"Are you alert to practices here and throughout the world which discriminate against people on the basis of who or what they are or because of their beliefs? Bear witness to the humanity of all people, including those who break society's conventions or its laws. Try to discern new growing points in social and economic life. Seek to understand the causes of injustice, social unrest and fear. Are you working to bring about a just and compassionate society which allows everyone to develop their capacities and fosters the desire to serve?"

Perhaps it might be worth pointing to an article in 'The Psychologist' - then main general psychology publication from the British Psychological Society which suggests that terrorists are not lunatics, madmen or animals, but acting in a way that is understandable if one takes into account their social and political context. The implications of this for how we should respond to terrorism are too important and potentially too costly to ignore.

Click here for the article.

Friday, July 15, 2005


I am part of an online group for people who want to be clinical psychologists. Its a tough career path, and very competitive and in theory we support one another in applying for training posts, share information about specific areas in which we have had experience and that sort of thing. Inevitably, discussion strays on to other areas from time to time, and its certainly a welcome distraction from work sometimes.

Today, someone posted about feeling scared on the London underground and trying to avoid sitting close to Asian men on public transport in London - changing tube carriages, getting off buses etc. While this reaction is understandable and should not be responded to with anything other than empathy and understanding - it also needs, in my humble opinion, to be recognised as irrational, and challenged lest it sow the seeds of segregation and future animosity along racial and/or religious lines.

I was rather surprised by the number of psychology students (who I always assumed are generally open minded and accepting people) who actually defended their actions in the face of quite reasonable challenge from others - words like, 'I have a right to protect myself.'

Oh dear...

I wasn't going to blog about the London attacks today, feeling that it is time to move on to other areas of discussion, but this is really bothering me. I wonder if I have acquired any Muslim readers as a result of my attempt to broaden out my blog a little. If I have, I would be grateful for your insights and thoughts on this sort of behaviour.

Also - those of you who are in America, and particularly those of you who were in New York at the time of the September 2001 attacks, how did you find this sort of phenomenon there and how did you overcome it and move on? (Or did you?) We must be serious about loving our Muslim, Asian and Pakistani neighbours, and we must find ways to help one another understand our fears whilst also challenging our prejudice.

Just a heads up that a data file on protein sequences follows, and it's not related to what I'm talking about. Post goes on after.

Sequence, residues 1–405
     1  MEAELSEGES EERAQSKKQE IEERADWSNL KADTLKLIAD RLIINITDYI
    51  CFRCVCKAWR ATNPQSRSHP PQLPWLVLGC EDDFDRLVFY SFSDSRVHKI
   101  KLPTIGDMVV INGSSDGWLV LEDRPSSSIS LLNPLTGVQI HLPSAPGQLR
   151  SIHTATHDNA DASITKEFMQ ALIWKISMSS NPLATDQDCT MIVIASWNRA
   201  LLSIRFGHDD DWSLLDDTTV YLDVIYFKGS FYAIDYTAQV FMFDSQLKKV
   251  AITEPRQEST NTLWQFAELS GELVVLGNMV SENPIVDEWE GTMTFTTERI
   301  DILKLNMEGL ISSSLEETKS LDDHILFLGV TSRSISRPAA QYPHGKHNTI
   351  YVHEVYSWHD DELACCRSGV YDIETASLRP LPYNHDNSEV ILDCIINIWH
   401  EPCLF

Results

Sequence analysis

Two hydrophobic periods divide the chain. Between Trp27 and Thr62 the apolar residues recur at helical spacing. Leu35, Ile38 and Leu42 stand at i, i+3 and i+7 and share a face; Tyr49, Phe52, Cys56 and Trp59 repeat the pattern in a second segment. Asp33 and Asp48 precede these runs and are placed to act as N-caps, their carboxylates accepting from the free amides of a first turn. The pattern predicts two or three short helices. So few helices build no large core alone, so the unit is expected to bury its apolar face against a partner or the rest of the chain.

My blog has been dealing in rather heavy subject matters this week - so I thought I'd let you all know about a light hearted discovery I made today.

I now know what cilantro is!!!

I assumed it was some kind of mystical American ingredient that I couldn't get in the UK. But no - its boring old coriander - that makes my American-English (which isn't English at all if you ask me, so there) cookbook much easier to understand.

Reminds me of going to the shop (sorry, grocery store) in New York (Food Emporium on 2nd Ave near 32nd st to be precise) with a craving for spinach pie and trying to buy some ready made pastry. I must have spent 15 minutes talking to someone who kept asking all his colleagues, 'Do you know what pastry is?'. I got really frustrated and in the end decided to go home defeated - I was just at the door of the shop when I remembered and rushed back the the shop assistant shouting, 'PIE CRUST!!! I want to buy some ready made PIE CRUST!!!!' Woo hoo!

And a very nice spinach pie it was too.

Thursday, July 14, 2005

Not a dicky bird

I've not heard anything from the Belfast telegraph about my comments on Steven King's article. However a similar letter was published on 12.07.05 here.

I know several other people wrote in after I did - thanks y'all. We can only hope that it will make a small difference. I was talking to a really good friend of mine who lives in London. She is a Muslim - her family want her to get out of London. A Muslim lady had her headscarf set alight not far from where she lives, and there were children shouting abuse outside the mosque her family attends, as people went to worship.

I will try to remember that next time I enter the Quaker meeting house and wonder what it would be like to be shouted at by children as I go in.

The involvement of children in this sort of activities really bothers me. A few years ago in the delightful "holiday" that is Northern Ireland's marching season, there had been a spate of car hijackings all over the country. Most people think of big strapping crowds of men hijacking cars, but a lot of the time, its not like that. Most of the people I saw causing trouble, stopping cars and intimidating people out of them couldn't have been fifteen years old - some were, I'm sure as young as 10 or 11. (Of course, we don't release this information to the national news - how embarrassing to realise that Ulster's teeny-boppers bring our country to a halt each summer!)

I turned out of our road and got half way to the end of the main road, whereupon I saw about 10 kids waiting for me with big sticks. I did a very fast U-turn and drove right back home again, deciding that whatever I was going out for wasn't all that important after all.

I think the greatest tragedy, isn't so much the burnt out cars - we have insurance (and in NI, we pay through the roof for car insurance because of it). Its not having to walk home because your car has been stolen. Its the fact that our children and young people are doing it. That is the greatest tragedy. What sort of community are we building?